Is anyone else still tired of the commercials for the Biggest Loser that bombarded us in January? This is where my mind went:
Pitch: The Biggest Loser, but, like, with thin people. The person who loses the most weight wins free treatment for his or her eating disorder… and possibly becomes the biggest loser of all, in a heartrending special episode that ends in a funeral.
Have you seen it yet? That commercial that Macy’s pretends is to be uplifting and “in the holiday spirit” that’s actually just… very odd, and probably trying to outdo the now-defunct Montgomery Ward’s red-nosed reindeer?
It begins with a girl who has a dream. You know how girls are – always wanting to be fucking Santa Claus. Because children don’t all, in their heart of hearts, really want to be amongst the recipients of presents. Because children aren’t, deep down, pretty much the psychopathic toddlers that used their parents as teether toys, shellacked with a thin veneer of propriety and good manners, using their wits and charm to get what they want.
And we’re supposed to feel sorry for her, because her peer group laughs at her. How dare they not support her dream of becoming a portly older gentleman who breaks into the home of strangers unannounced to leave them evidence of the type of person he deems them to be? Like, who doesn’t want to be observed by an unknown, unseen person and then receive gifts from them? It always seems to work out so well for celebrities, right? Just because this girl wants to become your stalker, and comes to school with a padded faux-pregnancy belly, and you’re a hormonal asshole of a middle schooler, you think it’s okay to mock her? Shame on you, middle school kids. This isn’t a sitcom, this is a fucking heartwarming commercial, and YOU ARE RUINING IT.
But, like, it’s okay. Luckily, this girl’s parents are rich and/or racking up credit card debt. They wrap their gas-guzzling truck with a myriad of tiny colored lights, and enable their daughter’s social ineptitude by playing along and asking “Santa” to hop in and bribe her classmates into pretending she’s not super weird. She gets a nod from a kid who can deign to be polite since none of his friends are around, and probably feels like she’s being a good person, when really, she should probably be in therapy.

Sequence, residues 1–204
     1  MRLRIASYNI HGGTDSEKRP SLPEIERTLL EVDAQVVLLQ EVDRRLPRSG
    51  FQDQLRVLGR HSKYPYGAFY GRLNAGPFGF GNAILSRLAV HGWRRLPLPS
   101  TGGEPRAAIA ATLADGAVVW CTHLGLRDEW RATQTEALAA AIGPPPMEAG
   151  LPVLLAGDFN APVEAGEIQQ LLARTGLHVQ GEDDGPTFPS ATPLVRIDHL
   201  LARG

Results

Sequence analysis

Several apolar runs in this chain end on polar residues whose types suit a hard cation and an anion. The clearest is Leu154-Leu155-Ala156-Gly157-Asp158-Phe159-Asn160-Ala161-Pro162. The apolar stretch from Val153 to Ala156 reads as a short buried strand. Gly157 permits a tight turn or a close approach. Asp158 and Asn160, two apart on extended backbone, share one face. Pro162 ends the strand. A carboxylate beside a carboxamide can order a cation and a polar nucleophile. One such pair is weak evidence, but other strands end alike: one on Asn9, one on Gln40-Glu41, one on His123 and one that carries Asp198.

I finally finished season 1 of the Netflix original You, and I don’t know if it’s very good, but I liked it.
I feel like the majority of the reason why I like it, or at least how it initially hooked my interest, is its’ similarity with another former guilty TV pleasure: Gossip Girl.
In fact, the more I think about it, the more I realize how similar the two shows really are, with the storytelling via voice-over, extreme drama, some blonde bitch everyone’s got the hots for, and, of course, Penn Badgley.
I defy you to watch this show and not think: “And then Dan Gilbert from Gossip Girl did what?!” Or think “Hm… Dan Gilbert’s looking a little anemic. He needs to get some sun.” Or even: “No, Dan Gilbert! Stalking is bad. Didn’t follwing Serena around like a kicked dog teach you anything?” It adds an umame-ish element to the show that, while difficult to define, is undeniably delicious.
As the show progresses, it also gets more interesting. More violence, more drama, more sex, more unrealistic relationships. For while this show begins with the wholly realistic premise that there are creepy guys in the world who could find out pretty much everything about you from your internet presence, this is not a realistic show. Just as campy as it’s sister-show GG, this show includes fantastic elements that are intended to be surreal and frightening. And for me, at least, it worked.
What about you? Have you seen the show, and if so, what are your thoughts? If not, do you intend to? Why or why not?